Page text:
How Can Decision Making Be Improved?

Authors: Katherine L. Milkman, University of Pennsylvania; Dolly Chugh, New York University; Max H. Bazerman, Harvard University

Publication: Perspectives on Psychological Science
Year: 2009

Focus Area: Decision making, Prevention

Relevance: While prevention efforts cannot ensure that people make the correct decision, strategies to improve the decision-making process are valuable assets in improving outcomes. When is intuition detrimental and when is it valuable to decision making? Of particular interest in fraud prevention are techniques to address biases that people do not want to admit or believe about themselves.

Summary: Bad decisions are expensive and people want to avoid them, but there has not been enough academic work on strategies to improve decision making.

  • Good decisions are those that the decision maker “would regard as the right choice regardless of whether she was evaluating her own decision or someone else’s.”
  • The authors propose a model of decision making that involves two systems; one, the intuitive, fast, emotional system and two, the deliberate, slow, logical reasoning system.
  • In cases when system one leads to biases that undermines good decision making, strategies to actively incorporate rational thinking can improve outcomes. Alternatively, decision-making situations can be altered to account for emotional biases – especially in situations where people do not want to admit or believe their own biases (i.e. racial bias).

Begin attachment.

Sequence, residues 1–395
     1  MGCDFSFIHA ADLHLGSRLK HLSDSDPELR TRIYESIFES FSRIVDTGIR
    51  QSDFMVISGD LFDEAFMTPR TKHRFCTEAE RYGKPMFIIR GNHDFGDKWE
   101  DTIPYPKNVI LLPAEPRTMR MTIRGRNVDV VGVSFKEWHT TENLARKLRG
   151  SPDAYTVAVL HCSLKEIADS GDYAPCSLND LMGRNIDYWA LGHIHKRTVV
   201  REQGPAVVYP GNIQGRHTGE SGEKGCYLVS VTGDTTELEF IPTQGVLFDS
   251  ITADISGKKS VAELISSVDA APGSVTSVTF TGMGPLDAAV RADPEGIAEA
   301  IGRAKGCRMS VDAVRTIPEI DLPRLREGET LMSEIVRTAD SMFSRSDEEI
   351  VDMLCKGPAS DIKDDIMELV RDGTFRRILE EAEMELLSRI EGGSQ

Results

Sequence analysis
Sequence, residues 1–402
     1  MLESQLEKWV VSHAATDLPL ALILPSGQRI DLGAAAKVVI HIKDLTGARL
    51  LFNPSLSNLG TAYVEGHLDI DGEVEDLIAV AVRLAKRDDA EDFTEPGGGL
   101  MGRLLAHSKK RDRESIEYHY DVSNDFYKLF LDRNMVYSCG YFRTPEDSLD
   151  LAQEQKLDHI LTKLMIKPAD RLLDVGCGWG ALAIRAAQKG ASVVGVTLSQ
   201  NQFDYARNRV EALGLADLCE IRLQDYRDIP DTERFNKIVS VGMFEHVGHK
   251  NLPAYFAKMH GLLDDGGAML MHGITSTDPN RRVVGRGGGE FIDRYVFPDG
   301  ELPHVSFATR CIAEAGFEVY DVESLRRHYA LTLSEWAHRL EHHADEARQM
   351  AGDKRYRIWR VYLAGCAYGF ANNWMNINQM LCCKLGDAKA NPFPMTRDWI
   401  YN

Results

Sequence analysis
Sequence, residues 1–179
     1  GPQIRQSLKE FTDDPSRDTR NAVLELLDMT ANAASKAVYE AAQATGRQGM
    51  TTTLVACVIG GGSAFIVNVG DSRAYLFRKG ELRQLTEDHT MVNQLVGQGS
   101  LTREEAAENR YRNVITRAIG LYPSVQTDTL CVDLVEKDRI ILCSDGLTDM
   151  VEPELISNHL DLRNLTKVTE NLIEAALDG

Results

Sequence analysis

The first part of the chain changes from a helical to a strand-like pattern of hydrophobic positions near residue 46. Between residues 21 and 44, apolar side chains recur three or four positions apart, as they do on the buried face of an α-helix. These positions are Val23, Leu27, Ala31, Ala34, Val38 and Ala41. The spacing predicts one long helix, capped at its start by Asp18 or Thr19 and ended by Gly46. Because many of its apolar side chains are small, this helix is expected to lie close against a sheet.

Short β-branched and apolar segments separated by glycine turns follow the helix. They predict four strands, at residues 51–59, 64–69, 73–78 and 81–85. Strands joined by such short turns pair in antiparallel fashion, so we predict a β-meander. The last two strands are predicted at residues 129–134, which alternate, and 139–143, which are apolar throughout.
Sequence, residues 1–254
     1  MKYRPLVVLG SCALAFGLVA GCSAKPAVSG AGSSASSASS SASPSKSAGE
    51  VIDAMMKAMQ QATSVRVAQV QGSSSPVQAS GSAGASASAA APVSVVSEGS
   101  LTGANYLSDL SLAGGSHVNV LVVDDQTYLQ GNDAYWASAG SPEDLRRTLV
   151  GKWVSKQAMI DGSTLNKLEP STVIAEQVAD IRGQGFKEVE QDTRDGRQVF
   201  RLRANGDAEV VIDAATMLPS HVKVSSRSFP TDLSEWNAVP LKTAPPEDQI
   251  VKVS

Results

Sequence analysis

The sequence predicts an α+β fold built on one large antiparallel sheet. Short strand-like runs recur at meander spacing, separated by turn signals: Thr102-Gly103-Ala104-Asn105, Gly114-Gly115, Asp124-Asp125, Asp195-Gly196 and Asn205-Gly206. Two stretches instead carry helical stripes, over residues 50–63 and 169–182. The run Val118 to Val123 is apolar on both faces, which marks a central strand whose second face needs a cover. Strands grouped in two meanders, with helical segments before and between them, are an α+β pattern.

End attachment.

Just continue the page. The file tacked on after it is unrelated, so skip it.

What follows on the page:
Author Abstract: The optimal moment to address the question of how to improve human decision making has arrived. Thanks to 50 years of research by judgment and decision-making scholars, psychologists have developed a detailed picture of the ways in which human judgment is bounded. This article argues that the time has come to focus attention on the search for strategies that will improve bounded judgment because decision-making errors are costly and are growing more costly, decision makers are receptive, and academic insights are sure to follow from research on improvement. In addition to calling for research on improvement strategies, this article organizes the existing literature pertaining to improvement strategies and highlights promising directions for future research.

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